Monday, April 28, 2008

Glory Days in the wink of young boys' eyes...

Glory Days is the new musical that is currently in previews at Circle in the Square. It revolves around four guys, all best friends in high school, who after completing their freshman year of college, reunite after a year and reflect on their glory days of high school and come to terms with the inevitable changes that have occurred during that time apart from each other.

The show opened in January at The Signature Theatre to much acclaim and has been set on the fast track to get to Broadway. Previews started last week. It opens May 6th. Just barely in time for the Tony eligibility cut off date, May 7th.

But I wonder if it'll stay open long enough to find out if it'll be nominated.

Okay, that's harsh. But really I do wonder. And not because it's a bad show. It's actually quite competent. But I wonder if Broadway audiences will come out for this type of show.

In the show we meet Will who serves as our narrator of sorts, and are introduced to his best friends from high school. Will, played by Steven Booth with a sort of Michael Cera style charm, has planned to pull a prank on the grounds of their high school and enlists his friends to help on the night of their reunion. Through the course of the evening we find out exactly how far apart these friends have grown the past year and the boundaries of their friendships.

The show can be a bit patronizing in it's attempts to speak for it's generation (the show is subtitled "a new American musical") There is a scene about use of the word "totes" that is at once amusing to me as a twenty something and disgusting to me as a twenty something. There is even a myspace joke. But the fact that the show is written by 23 year olds is what makes it tolerable. I would much rather have a peer be writing this kind of stuff then say, Jerry Herman.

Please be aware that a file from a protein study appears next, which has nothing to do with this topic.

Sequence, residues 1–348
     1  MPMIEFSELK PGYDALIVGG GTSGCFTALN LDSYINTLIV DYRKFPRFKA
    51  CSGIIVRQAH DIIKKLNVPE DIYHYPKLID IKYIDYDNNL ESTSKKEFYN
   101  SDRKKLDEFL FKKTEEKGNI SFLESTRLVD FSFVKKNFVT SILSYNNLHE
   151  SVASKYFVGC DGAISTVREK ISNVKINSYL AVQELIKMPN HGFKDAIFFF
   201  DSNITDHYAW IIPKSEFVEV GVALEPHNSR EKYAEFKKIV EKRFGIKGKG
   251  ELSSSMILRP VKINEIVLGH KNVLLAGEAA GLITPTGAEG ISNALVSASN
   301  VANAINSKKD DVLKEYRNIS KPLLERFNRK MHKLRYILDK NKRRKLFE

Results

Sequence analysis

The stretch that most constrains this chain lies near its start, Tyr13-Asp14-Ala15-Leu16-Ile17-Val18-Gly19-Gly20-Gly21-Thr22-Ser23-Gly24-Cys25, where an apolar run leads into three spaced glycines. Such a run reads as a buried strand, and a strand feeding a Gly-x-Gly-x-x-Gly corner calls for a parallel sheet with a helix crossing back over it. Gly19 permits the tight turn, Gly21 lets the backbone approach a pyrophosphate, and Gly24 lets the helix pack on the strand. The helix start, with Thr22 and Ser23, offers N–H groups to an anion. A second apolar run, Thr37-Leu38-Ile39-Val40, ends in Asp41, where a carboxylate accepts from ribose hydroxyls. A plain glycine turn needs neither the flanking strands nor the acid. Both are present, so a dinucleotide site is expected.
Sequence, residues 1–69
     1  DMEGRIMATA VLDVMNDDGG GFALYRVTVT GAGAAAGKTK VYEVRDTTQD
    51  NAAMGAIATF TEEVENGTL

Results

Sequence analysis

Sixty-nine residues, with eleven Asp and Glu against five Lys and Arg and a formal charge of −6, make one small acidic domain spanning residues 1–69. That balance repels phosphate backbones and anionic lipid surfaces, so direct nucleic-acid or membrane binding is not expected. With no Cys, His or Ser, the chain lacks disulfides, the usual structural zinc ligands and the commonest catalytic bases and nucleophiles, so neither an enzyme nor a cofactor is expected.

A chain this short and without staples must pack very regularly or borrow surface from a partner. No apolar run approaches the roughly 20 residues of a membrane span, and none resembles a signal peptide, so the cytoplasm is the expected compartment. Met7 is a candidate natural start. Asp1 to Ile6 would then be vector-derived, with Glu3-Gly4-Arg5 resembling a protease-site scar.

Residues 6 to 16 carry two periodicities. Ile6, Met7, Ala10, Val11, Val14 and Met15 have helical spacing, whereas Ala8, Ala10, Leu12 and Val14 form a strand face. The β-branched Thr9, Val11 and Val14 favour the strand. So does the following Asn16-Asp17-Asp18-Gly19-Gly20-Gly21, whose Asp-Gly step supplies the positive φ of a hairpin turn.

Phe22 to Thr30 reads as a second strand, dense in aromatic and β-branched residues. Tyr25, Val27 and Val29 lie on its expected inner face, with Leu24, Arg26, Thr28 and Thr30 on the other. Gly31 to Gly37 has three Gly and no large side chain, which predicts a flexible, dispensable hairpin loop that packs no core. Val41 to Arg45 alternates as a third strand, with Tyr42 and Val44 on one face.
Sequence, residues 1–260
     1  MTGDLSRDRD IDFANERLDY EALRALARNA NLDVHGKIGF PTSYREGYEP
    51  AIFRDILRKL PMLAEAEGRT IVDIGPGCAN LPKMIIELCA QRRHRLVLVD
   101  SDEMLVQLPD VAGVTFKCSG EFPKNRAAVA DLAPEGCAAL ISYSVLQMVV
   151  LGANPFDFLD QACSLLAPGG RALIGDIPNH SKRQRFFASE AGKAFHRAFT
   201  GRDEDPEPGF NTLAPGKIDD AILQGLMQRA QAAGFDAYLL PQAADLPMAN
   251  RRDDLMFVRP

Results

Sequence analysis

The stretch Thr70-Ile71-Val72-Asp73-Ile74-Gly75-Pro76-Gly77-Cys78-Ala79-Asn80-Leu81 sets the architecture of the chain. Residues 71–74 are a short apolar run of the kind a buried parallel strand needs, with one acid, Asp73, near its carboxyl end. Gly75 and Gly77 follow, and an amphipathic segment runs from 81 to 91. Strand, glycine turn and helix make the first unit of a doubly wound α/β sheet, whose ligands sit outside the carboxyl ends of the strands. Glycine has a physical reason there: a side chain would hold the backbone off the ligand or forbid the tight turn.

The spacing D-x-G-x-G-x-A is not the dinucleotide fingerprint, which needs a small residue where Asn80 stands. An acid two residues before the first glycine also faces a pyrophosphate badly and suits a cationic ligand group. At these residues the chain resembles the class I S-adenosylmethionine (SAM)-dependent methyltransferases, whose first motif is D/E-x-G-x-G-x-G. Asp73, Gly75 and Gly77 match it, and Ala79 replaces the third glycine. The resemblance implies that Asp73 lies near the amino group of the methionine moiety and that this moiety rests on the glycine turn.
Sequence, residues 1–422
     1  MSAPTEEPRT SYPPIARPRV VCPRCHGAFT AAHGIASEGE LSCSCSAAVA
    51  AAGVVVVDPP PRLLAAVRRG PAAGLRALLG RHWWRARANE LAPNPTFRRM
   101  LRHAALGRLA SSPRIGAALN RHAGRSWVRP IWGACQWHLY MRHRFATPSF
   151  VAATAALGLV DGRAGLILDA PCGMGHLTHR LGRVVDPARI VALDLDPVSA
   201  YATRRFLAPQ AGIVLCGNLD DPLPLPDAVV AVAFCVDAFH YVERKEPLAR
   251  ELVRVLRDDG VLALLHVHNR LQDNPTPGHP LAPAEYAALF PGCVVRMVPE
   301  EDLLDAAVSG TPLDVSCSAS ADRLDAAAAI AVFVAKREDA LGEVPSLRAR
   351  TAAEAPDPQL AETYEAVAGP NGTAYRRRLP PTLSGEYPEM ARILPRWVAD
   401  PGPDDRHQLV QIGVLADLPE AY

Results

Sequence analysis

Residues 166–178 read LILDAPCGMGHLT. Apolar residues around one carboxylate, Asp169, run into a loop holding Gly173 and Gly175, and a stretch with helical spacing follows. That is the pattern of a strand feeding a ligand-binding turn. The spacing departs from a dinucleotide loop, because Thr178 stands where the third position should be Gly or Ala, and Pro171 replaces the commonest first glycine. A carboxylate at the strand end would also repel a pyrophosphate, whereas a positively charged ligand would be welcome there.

But it does have it's highlights. The song "Generation Apathy" talks about, well, the general apathy that seems to be so prevalent in the current youth of America in an interesting way. And the show is at it's best during "The Good Old Glory Type Days" where the boys all reflect on their great high school moments.

What's odd though all this, is that the deep personal reflection is happening after only a years time, and maybe it's appropriate for a generation that can reflect on last week like it was eons ago, but towards the end of the play when I look at the boys on stage, I still see boys, not men. They just finished their freshmen year of college. They are going to continue to change and grow and hopefully realize that all the drama that they just put themselves through on this one night was not worth it in the larger scheme of things.

The show has a great pop/rock score by 23 year old new comer Nick Blaemire. And it is performed with great energy and enthusiasm by the four person male cast, with Andrew C Call as Andy and Booth as stand outs.

But as much as it pains me to say it, I don't think it's going to make it. Not on Broadway. And as much as I'm all for breaking down the barriers of commercial theatre, you have to ask yourself, is it better to try to make it and fail, or to maybe take the show off-Broadway and have a much longer run and have more people see it. The show seems too small in scope. The audience for it is too small. There are only so many young people who have recently gone through a transitional phase in their lives. Why the show didn't open off-Broadway where I know it would find a very welcoming long run, I don't know.

That said, a personal favorite of mine, Passing Strange, currently playing at the Belasco, is an example of the kind of show that doesn't seem like it belongs on Broadway, and while it's not selling out, it's hanging in there (probably for the Tony's. Which it will win multiple I'm sure) so what do I know?!

I feel like Glory Days is a show that could speak to a lot of people. It certainly resonated with me. Being a recent college grad I know how weird and wonderful it can be to reconnect with people from high school or college, and it seems like suddenly they're not the same person anymore (or is it you that changed?) It's a really interesting idea to try and capture and musicalize. I just feel like it doesn't transfer to larger then life-ness of a Broadway house. I wish it luck though. I hope it's able to run for a long time. I hope it makes a recording. I hope it lasts long enough to look back on it's own glory years on Broadway, and not just days. But like the characters in the show realize, glory days aren't meant to last.


Advantageous Stride said...

Fun fact: Steven Booth graduated from UNLV. I never met him though, but I did see him in "Avenue Q" when it was still playing here in Vegas. How random is that?!?

Alex! said...

hahaha... is there anyone you don't know Oscar?!?